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A proposed class action challenging the Principal Stable Value Fund’s fees and performance should be dismissed because the lead plaintiff stands to gain no money from a legal victory, a magistrate judge recommended ( Austin v. Union Bank & Trust Co. , D. Or., No. 3:14-cv-00706-YY, report and recommendation issued 5/17/17 ).
An earlier ruling had allowed portions of the case to move forward, but a magistrate judge recommended May 17 that the lawsuit be dismissed because the named plaintiff, Kerry D. Austin, never had standing to bring his claims. Austin sold his investment in the Principal Stable Value Fund shortly before filing the lawsuit, and he had less than $1 invested in this fund during the proposed class period, the judge said. Because Austin’s potential recovery in this case was less than 1 cent, the magistrate said the case should be dismissed for lack of standing.
The lawsuit argues that the stable value fund drained workers’ retirement savings by charging excessive fees and using an unduly conservative investment strategy that failed to keep pace with inflation. A similar lawsuit targeting CVS Health’s stable value fund was dismissed last month. In March, a federal judge certified a class action accusing JPMorgan of the inverse problem—adopting an overly risky investment strategy for its fund.
Stable value funds—which are meant to be conservative, low-risk options that protect against interest rate volatility—have become a flash point in litigation under the Employee Retirement Income Security Act. Retirement plan sponsors including Anthem Inc., Chevron Corp. and Insperity Inc. have been sued for failing to include stable value funds in their investment lineups. None of those claims succeeded. Other lawsuits have targeted the companies that offer and manage stable value funds, with cases pending against Fidelity Management Trust Co., Massachusetts Mutual Life Insurance Co. and Prudential Retirement Insurance & Annuity Co.
In determining that Austin lacked standing, the magistrate judge said the “miniscule amount Austin has at stake in this litigation” is “problematic.” Because he stood to recover less than 1 cent, Austin failed to show that his alleged injury could be redressed by a favorable decision, the magistrate judge said.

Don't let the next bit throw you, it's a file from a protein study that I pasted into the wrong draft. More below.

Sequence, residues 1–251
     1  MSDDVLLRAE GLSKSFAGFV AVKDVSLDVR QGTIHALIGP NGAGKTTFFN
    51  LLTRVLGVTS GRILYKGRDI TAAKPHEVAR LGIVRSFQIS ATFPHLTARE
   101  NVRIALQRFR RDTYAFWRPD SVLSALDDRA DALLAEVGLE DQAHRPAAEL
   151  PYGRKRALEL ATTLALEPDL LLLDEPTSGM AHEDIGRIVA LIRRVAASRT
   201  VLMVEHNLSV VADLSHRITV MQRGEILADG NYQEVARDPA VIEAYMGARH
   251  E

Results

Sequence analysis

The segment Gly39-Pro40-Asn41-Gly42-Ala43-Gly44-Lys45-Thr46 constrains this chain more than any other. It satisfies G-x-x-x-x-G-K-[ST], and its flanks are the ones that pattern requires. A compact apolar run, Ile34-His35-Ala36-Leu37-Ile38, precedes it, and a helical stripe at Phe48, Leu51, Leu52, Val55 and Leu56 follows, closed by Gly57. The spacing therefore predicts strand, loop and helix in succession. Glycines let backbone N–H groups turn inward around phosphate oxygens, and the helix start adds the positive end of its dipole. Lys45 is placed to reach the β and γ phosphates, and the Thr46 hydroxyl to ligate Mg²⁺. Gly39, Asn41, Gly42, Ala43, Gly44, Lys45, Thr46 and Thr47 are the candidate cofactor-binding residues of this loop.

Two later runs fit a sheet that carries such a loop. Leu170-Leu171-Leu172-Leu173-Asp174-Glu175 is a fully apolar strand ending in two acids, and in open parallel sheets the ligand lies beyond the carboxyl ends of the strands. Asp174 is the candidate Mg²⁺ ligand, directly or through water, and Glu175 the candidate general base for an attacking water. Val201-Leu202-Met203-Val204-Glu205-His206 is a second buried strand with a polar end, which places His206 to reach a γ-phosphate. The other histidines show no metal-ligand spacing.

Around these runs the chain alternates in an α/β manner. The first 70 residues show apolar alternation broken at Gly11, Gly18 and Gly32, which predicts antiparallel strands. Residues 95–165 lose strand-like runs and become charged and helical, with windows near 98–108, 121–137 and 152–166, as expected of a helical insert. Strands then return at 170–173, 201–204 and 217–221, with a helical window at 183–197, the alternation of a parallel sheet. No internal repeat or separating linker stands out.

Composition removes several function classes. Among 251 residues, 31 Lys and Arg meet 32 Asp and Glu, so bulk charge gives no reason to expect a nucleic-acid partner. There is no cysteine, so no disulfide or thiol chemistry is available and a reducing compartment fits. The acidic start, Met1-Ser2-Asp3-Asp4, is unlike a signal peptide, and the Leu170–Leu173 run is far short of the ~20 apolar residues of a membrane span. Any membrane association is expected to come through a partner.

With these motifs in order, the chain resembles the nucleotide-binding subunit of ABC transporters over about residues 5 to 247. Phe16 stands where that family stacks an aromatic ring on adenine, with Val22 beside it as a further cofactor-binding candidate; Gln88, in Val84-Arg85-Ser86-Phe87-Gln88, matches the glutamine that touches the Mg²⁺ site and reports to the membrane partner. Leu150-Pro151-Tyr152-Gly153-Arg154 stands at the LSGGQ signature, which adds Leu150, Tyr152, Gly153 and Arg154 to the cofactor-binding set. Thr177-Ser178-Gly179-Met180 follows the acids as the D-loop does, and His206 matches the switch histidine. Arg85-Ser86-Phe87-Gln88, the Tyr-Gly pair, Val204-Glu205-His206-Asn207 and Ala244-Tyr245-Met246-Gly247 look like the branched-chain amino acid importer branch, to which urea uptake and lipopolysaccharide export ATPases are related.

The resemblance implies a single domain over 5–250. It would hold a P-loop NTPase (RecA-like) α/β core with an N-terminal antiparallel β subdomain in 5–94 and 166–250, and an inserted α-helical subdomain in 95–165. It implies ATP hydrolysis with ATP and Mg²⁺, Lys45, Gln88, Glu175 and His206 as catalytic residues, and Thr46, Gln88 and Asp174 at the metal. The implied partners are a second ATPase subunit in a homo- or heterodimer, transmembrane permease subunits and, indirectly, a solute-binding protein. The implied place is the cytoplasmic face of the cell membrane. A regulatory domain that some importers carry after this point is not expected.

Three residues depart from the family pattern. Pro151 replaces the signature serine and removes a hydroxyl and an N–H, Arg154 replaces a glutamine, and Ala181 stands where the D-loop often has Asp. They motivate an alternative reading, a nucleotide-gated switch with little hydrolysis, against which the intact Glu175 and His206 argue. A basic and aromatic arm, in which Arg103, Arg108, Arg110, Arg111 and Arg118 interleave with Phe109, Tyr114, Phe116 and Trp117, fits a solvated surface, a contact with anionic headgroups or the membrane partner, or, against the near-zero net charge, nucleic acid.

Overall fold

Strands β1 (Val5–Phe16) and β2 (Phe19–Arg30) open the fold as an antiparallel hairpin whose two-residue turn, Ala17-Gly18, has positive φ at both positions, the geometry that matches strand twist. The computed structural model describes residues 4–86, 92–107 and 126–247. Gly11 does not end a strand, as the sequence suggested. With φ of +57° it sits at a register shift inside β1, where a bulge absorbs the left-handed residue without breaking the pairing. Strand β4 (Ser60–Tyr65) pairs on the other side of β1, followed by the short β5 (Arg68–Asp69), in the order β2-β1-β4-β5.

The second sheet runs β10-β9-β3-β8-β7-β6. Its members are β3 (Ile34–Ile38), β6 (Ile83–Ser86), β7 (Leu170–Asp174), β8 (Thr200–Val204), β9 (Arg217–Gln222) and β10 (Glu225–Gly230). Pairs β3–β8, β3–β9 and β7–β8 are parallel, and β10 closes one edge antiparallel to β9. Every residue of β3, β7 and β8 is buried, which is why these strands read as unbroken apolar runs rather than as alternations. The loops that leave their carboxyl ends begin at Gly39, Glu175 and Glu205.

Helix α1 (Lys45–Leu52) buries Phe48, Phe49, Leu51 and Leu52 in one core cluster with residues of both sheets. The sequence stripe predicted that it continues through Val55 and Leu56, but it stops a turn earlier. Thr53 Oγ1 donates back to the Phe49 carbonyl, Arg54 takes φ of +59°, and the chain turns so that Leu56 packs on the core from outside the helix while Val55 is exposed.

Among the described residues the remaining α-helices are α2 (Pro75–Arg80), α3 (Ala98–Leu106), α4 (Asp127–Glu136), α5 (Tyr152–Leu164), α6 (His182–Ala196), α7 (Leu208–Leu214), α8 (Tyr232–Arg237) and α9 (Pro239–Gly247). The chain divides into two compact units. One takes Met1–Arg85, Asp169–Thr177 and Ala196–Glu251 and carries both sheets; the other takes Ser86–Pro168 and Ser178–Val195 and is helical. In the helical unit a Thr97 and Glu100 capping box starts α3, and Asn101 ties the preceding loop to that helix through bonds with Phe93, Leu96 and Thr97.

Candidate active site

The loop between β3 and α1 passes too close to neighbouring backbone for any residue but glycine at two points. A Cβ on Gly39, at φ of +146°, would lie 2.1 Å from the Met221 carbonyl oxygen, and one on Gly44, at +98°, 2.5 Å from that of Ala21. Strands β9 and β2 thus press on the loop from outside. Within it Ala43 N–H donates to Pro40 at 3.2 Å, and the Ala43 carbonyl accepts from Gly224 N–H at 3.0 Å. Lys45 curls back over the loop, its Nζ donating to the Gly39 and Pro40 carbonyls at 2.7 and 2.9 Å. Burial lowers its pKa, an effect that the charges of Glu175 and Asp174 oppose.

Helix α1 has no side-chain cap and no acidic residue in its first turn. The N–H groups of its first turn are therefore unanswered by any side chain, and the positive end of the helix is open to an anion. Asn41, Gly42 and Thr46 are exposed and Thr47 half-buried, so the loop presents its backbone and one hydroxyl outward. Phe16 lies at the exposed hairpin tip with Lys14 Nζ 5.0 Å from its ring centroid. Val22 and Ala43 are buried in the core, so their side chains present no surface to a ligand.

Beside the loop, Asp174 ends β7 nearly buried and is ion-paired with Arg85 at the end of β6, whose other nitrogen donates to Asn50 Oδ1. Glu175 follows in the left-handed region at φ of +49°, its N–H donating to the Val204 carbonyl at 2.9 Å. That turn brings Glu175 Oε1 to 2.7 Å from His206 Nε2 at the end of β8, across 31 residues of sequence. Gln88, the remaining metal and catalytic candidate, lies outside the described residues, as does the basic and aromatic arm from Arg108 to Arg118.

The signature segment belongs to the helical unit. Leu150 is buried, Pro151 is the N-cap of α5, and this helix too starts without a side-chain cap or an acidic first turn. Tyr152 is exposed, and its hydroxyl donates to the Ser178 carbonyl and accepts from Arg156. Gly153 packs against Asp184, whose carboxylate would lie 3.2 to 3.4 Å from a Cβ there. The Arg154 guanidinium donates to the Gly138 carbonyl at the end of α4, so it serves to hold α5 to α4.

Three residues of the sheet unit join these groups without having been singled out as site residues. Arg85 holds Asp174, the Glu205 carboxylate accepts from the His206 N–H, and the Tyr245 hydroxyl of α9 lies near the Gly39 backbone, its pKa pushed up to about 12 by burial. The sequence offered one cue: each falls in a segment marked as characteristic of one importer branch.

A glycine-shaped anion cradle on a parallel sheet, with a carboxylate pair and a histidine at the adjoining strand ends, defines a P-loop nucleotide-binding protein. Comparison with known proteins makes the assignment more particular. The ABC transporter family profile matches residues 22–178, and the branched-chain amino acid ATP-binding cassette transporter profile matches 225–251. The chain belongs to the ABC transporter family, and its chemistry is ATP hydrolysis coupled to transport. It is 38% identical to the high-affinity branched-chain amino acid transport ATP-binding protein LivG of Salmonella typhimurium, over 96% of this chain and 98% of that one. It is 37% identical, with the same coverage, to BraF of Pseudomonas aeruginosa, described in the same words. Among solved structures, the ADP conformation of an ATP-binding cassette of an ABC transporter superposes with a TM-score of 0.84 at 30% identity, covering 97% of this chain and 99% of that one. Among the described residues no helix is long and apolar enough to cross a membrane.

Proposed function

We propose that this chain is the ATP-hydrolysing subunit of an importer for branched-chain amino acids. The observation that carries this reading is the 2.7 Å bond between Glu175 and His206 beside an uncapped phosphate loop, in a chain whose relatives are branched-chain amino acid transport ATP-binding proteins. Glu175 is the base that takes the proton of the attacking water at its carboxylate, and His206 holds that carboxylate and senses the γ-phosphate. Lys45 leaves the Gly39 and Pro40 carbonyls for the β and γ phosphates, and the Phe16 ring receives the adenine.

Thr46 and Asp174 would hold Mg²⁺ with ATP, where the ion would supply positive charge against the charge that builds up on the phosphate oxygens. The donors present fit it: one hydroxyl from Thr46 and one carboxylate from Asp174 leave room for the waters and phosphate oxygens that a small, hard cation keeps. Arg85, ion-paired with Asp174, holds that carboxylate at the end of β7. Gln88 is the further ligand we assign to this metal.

“In this court’s view, whatever it means to have a palpable economic injury, it means something more than a loss that rounds to $0.00,” the magistrate judge said.
This lack of standing wasn’t remedied by a potential new plaintiff who alleged damages of more than $700, the magistrate judge said. That’s because the “critical moment for examining standing” is when a case is filed, the magistrate judge said.
Given this, Magistrate Judge Youlee Yim You of the U.S. District Court for the District of Oregon recommended that the case be dismissed. This recommendation can be accepted, rejected or modified by the district judge hearing the case.
Austin is represented by Stoll Stoll Berne Lokting & Shlachter PC, Keller Rohrback LLP, Schneider Wallace Cottrell & Konecky LLP, Edgar Law Firm LLC and Feinberg Jackson Worthman & Wasow LLP. The Principal defendants—Union Bank & Trust Co. and Morley Capital Management—were represented by Sidley Austin LLP and Kilmer Voorhees & Laurick PC.
To contact the reporter on this story: Jacklyn Wille in Washington at email@example.com
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Text of the decision is at http://www.bloomberglaw.com/public/document/Austin_v_Union_Bond__Trust_Co_et_al_Docket_No_314cv00706_D_Or_Apr/5.
Copyright © 2017 The Bureau of National Affairs, Inc. All Rights Reserved.
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